30 Kinzer, Stephen, “Ex-East German Leader Convicted of Vote Fraud but Not Punished,” New York Times, May 18, 1993, p. A4.Google Scholar

31 Baumann, et al. (fn. 1), 151.Google Scholar

32 Empirical support for the argument that the Gorbachev-induced change in the political opportunity structure lowered the costs of protesting in the GDR is provided by Johnson, Carsten, “Massenmobilisierung in der DDR im Jahre 1989: Der Wandel der politischen Opportunitätsstruktur und die Dynamik des Massenprotestes” (M.A. thesis, Free University of Berlin, 1992).Google Scholar

33 For general background, I rely on a special edition of Baumann et al. (fn. 1) and the day-by-day account of the events of fall 1989 in Links, Christoph and Bahrmann, Hannes, Wir sind das Folk: Die DDR im Aufbruch: Eine Chronik (We are the people: The breaking up of the GDR: A chronicle) (Berlin: Aufbau; Wuppertal, Germany: Peter Hammer, 1990).Google Scholar The Leipzig Monday demonstrations are documented and described in Forum Leipzig, Verlag, ed., Von Leipzig nach Deutschland (From Leipzig to Germany) (Leipzig: Forum, 1991)Google Scholar; Leipzig, Neues Forum, ed., Jetzt oder nie: Demokratie Leipziger Herbst ′89 (Now or never: Democracy fall in Leipzig ′89) (Munich: C. Bertelsmann, 1990)Google Scholar; Schneider (fn. 2); Tetzner, Reiner, Leipziger Ring: Aufzeichnungen eines Montagsdemonstranten (Leipzig Ring: Records of a Monday demonstrator) (Frankfurt am Main: Luchterhand, 1990)Google Scholar; Wielepp, Christoph, “Montags abends in Leipzig,” in Blanke, Thomas and Erd, Rainer, eds., DDR: Ein Staat vergeht (GDR: A state vanishes) (Frankfurt am Main: Fischer, 1990)Google Scholar; and Breitenborn, Uwe and Rink, Dieter, “Die Leipziger Montagsdemonstrationen: Wandlungen einer basisdemokratischen Institution,” Blätter für Deutsche und Internationale Politik (May 1991).Google Scholar I also utilize newspaper articles published in Frankfurter Allgemeine Zeitung, Frankfurter Rundschau, Leipziger Volkszeitung, Süddeutsche Zeitung, and The Week in Germany, as well as newspaper articles documented in taz [tageszeitung], ed., DDR Journal zur Oktoberrevolution: August bis Dezember 1989 (GDR journal on the October revolution: August to December 1989), 2d ed. (Berlin: S.d., 1990); and taz, ed., DDR Journal Nr. 2: Die Wende der Wende: Januar bis März 1990 (GDR journal no. 2: The turning point of the political change: January to March 1990) (Berlin: S.d. 1990). Public opinion poll data are documented in Föster, Peter and Roski, Günter, DDR zwischen Wende und Wahl: Meinungsforscher analysieren den Umbruch (GDR between political change and elections: Public opinion researchers analyze the radical change) (Berlin: Links Druck, 1990)Google Scholar; Gerth, Michael and Grahl, Robert, “Zur quantitativen Auswertung der Demo-Befragung vom 8.10.1990” (Manuscript, Leipzig, 1990)Google Scholar; Breitenborn, Uwe, “Auswertung Demo-Umfrage in Leipzig (März 1991)” (Manuscript, Leipzig, 1991)Google Scholar; and Der Spiegel, ed., Das Profil der Deutschen: Was sie vereint, was sie trennt (The profile of the Germans: What unites them, what separates them), special issue of Der Spiegel, no. 1 (1991). East German election results are provided in Thomas R. Cusack and Wolf-Dieter Eberwein,, “The Endless Election: 1990 in the GDR,” International Relations Research Group Working Paper no. P91–302 (Berlin: Wissenschaftszentrum Berlin für Sozialforschung, 1991). A more detailed analysis of the Leipzig demonstrations and further references are provided in Lohmann (fn. 26).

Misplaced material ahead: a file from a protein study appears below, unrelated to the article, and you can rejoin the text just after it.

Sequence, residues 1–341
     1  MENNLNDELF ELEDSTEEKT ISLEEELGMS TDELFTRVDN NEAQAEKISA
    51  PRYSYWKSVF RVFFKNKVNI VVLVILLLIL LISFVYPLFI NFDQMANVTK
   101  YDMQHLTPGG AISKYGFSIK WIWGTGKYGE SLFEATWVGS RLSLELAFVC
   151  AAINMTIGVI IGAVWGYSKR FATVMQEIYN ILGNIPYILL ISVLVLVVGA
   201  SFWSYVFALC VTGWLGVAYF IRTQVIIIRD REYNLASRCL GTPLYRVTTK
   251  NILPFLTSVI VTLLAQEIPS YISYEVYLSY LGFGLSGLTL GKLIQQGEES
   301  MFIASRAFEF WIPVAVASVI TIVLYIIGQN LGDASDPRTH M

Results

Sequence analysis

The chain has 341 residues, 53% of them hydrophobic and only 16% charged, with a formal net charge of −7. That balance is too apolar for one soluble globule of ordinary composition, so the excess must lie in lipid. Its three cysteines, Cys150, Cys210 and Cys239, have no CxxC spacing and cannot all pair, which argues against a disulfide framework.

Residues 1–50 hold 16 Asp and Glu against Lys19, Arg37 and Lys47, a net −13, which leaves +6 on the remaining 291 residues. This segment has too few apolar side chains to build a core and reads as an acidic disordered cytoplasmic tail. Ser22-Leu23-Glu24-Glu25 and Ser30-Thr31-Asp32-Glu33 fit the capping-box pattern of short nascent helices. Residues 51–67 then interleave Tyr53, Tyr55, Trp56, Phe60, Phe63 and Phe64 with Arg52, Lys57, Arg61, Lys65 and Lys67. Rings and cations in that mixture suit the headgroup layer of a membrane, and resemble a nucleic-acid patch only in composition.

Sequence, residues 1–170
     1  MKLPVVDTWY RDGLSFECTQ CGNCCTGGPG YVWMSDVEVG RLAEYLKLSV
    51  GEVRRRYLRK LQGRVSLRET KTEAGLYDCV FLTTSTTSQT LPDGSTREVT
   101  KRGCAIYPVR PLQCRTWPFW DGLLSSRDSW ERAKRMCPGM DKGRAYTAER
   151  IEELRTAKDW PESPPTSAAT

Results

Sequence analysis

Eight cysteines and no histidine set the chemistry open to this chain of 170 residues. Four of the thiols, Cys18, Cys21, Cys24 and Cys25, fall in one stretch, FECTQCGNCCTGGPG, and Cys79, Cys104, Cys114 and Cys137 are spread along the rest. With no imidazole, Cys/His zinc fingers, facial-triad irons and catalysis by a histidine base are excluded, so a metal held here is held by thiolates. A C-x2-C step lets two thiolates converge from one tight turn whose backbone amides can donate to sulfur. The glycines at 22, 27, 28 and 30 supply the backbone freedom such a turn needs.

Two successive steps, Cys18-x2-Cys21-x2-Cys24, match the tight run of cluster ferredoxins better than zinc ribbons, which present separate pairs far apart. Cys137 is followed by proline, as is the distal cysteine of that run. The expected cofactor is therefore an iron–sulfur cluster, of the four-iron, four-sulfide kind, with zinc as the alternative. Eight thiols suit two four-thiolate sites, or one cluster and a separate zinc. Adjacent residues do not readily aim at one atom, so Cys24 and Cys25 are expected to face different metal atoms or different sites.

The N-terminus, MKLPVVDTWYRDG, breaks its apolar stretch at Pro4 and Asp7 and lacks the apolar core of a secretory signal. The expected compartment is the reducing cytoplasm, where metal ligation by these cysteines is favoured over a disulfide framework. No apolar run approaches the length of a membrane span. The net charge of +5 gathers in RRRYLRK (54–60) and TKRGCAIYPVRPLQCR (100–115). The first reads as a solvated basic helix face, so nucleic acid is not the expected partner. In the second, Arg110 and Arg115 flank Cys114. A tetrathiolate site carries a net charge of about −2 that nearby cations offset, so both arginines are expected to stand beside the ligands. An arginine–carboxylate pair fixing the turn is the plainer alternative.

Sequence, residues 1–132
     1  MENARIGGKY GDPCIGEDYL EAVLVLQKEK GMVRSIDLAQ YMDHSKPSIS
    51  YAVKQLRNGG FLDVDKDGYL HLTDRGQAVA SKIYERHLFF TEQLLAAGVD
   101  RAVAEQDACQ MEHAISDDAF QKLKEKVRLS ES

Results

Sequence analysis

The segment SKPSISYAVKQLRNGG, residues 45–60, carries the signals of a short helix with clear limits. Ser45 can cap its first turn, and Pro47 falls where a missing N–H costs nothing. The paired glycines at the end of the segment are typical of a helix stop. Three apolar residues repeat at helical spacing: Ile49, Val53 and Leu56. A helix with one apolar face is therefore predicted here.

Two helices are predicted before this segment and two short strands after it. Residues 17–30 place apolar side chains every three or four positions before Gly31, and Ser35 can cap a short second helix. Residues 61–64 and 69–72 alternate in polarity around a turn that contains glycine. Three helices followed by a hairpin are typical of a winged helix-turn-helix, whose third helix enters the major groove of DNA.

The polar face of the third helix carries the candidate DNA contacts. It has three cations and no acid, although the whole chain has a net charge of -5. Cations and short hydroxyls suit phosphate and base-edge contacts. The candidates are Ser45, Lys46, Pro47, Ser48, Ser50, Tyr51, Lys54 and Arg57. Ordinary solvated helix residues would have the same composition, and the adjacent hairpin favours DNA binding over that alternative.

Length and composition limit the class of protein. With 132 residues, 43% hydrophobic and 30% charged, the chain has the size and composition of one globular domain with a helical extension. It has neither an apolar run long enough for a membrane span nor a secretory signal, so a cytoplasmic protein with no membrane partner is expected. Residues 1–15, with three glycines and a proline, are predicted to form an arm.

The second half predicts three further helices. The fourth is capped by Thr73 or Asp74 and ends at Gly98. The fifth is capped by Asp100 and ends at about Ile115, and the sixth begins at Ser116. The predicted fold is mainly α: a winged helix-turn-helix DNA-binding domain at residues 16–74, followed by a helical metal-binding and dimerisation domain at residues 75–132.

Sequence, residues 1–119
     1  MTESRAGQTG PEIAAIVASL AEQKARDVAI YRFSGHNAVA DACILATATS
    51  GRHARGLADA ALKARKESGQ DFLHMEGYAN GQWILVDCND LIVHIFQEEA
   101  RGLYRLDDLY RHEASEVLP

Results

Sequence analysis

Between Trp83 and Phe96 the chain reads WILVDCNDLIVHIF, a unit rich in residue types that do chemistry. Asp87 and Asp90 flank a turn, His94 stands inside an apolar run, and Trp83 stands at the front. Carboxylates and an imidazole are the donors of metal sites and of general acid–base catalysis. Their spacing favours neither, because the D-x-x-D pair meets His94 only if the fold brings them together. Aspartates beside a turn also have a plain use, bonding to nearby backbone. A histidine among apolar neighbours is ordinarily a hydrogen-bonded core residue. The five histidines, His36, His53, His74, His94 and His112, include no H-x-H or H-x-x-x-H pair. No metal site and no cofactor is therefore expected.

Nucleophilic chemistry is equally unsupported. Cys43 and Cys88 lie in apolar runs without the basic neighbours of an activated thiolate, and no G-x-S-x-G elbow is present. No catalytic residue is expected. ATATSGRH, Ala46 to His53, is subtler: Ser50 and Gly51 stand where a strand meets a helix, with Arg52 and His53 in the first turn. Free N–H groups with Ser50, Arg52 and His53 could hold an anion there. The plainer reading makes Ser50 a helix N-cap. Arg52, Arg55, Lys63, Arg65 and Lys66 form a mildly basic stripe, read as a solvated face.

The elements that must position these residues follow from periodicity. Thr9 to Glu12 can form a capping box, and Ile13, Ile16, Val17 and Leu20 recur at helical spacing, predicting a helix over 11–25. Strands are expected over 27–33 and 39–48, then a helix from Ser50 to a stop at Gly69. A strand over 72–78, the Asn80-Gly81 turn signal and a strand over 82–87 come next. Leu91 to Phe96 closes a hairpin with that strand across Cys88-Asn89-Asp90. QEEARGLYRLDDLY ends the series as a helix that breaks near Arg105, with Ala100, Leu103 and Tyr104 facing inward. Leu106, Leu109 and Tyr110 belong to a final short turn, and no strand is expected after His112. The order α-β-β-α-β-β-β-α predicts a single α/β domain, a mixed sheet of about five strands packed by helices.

34 Wielepp (fn. 33), 72; Links, and Bahrmann, (fn. 33), 140.Google Scholar

35 The largest single demonstration took place in East Berlin on November 4; however, in the fall of 1989, turnout in Leipzig was highest, both in the aggregate over time and in terms of percentage of local population mobilized.

36 Opp and his coauthors suggest that the Leipzig setting is a perfect example of a focal point in a coordination problem; see Opp, Karl Dieter, “DDR ′89: Zu den Ursachen einer Spontanen Revolution,” Kölner Zeitschrift für Soziologie und Sozialpsychologie 43, no. 2 (1991)Google Scholar; idem, “Spontaneous Revolutions: The Case of East Germany in 1989,” in Kurz, Heinz D., ed., United Germany and the New Europe (Cheltenham, England: Edward Elgar, 1993)Google Scholar; Opp, Karl Dieter and Gern, Christiane, “Dissident Groups, Personal Networks, and Spontaneous Cooperation: The East-German Revolution of 1989,” American Sociological Review 58 (October 1993)CrossRefGoogle Scholar; and Opp, Karl Dieter, Voβ, Peter, and Gern, Christiane, Die volkseigene Revolution (The revolution owned by the people) (Stuttgart: Klett-Cotta, 1993).Google Scholar

37 Tetzner, (fn. 33), 16.Google Scholar

38 Links, and Bahrmann, (fn. 33), 30.Google Scholar

39 Ibid., 88.

40 Wielepp, (fn. 33), 76.Google Scholar